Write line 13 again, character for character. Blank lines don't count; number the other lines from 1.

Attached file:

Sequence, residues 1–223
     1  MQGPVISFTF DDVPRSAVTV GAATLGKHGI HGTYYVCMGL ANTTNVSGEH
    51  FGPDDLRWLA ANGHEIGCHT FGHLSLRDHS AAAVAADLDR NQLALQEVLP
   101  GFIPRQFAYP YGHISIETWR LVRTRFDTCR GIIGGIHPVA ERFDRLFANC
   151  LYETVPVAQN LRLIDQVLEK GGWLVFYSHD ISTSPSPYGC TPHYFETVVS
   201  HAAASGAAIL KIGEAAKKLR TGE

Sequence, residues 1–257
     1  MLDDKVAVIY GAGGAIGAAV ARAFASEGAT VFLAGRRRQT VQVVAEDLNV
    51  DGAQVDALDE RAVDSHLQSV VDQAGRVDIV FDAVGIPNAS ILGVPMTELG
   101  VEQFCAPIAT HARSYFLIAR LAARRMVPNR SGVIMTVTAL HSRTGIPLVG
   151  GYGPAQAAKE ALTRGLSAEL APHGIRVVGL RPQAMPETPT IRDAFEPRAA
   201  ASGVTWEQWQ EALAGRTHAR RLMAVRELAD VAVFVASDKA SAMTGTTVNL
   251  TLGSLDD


   251  TLGSLDD